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Eye position predicts what number you have in mind


Loetscher, T; Bockisch, C J; Nicholls, M E R; Brugger, P (2010). Eye position predicts what number you have in mind. Current Biology, 20(6):R264-R265.

Abstract

Despite the apparent simplicity of picking numbers at random, it is virtually impossible to produce a sequence of truly random numbers. Although numbers seem to pop-up spontaneously in one's mind, their choice is invariably influenced by previously generated numbers [1]. Here, we demonstrate how the eyes and their position give an insight into the nature of the systematic choices made by the brain's ‘random number generator’. By measuring a person's vertical and horizontal eye position, we were able to predict with reliable confidence the size of the next number — before it was spoken. Specifically, a leftward and downward change in eye position announced that the next number would be smaller than the last. Correspondingly, if the eyes changed position to the right and upward, it forecast that the next number would be larger. Apart from supporting the old wisdom that it is often the eyes that betray the mind, the findings highlight the intricate links between supposedly abstract thought processes, the body's actions and the world around us.

Abstract

Despite the apparent simplicity of picking numbers at random, it is virtually impossible to produce a sequence of truly random numbers. Although numbers seem to pop-up spontaneously in one's mind, their choice is invariably influenced by previously generated numbers [1]. Here, we demonstrate how the eyes and their position give an insight into the nature of the systematic choices made by the brain's ‘random number generator’. By measuring a person's vertical and horizontal eye position, we were able to predict with reliable confidence the size of the next number — before it was spoken. Specifically, a leftward and downward change in eye position announced that the next number would be smaller than the last. Correspondingly, if the eyes changed position to the right and upward, it forecast that the next number would be larger. Apart from supporting the old wisdom that it is often the eyes that betray the mind, the findings highlight the intricate links between supposedly abstract thought processes, the body's actions and the world around us.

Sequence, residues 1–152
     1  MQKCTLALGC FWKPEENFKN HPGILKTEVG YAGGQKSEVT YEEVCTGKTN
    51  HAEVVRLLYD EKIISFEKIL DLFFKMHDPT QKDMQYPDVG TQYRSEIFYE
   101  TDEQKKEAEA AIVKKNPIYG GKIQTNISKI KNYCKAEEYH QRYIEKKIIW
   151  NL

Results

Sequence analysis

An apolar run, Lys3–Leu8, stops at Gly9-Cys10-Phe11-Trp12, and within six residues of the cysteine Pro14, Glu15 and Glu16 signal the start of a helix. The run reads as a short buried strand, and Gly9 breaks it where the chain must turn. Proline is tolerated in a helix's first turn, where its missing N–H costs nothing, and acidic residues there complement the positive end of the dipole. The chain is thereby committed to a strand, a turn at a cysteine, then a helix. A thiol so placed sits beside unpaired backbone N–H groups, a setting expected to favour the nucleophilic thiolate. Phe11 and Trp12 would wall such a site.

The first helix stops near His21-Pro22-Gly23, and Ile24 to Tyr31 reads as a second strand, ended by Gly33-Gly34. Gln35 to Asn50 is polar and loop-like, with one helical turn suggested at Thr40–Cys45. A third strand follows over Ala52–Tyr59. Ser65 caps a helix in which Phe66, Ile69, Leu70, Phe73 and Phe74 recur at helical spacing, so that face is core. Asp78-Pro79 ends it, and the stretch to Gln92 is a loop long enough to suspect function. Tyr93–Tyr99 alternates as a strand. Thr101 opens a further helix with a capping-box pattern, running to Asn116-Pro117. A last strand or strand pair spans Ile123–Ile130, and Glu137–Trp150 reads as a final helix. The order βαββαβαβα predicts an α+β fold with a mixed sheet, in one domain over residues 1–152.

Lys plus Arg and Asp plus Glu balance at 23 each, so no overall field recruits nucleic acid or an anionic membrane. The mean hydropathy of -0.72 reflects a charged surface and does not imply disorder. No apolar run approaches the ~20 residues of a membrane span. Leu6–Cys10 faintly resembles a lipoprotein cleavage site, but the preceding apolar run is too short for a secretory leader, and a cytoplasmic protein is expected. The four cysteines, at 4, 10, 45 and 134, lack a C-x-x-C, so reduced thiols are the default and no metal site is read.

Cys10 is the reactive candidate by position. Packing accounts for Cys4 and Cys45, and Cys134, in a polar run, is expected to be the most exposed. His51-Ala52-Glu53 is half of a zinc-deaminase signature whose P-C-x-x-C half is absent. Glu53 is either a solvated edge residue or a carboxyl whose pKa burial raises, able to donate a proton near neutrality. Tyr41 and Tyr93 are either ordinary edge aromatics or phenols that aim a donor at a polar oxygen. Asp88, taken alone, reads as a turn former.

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57 citations in Web of Science®
74 citations in Scopus®
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Additional indexing

Item Type:Journal Article, refereed, original work
Communities & Collections:04 Faculty of Medicine > University Hospital Zurich > Clinic for Otorhinolaryngology
04 Faculty of Medicine > University Hospital Zurich > Ophthalmology Clinic
04 Faculty of Medicine > Center for Integrative Human Physiology
04 Faculty of Medicine > Neuroscience Center Zurich
04 Faculty of Medicine > University Hospital Zurich > Clinic for Neurology
Dewey Decimal Classification:570 Life sciences; biology
610 Medicine & health
Language:English
Date:March 2010
Deposited On:16 Jul 2010 15:57
Last Modified:05 Apr 2016 14:11
Publisher:Elsevier
ISSN:0960-9822
Free access at:Publisher DOI. An embargo period may apply.
Publisher DOI:https://doi.org/10.1016/j.cub.2010.01.015
PubMed ID:20334829

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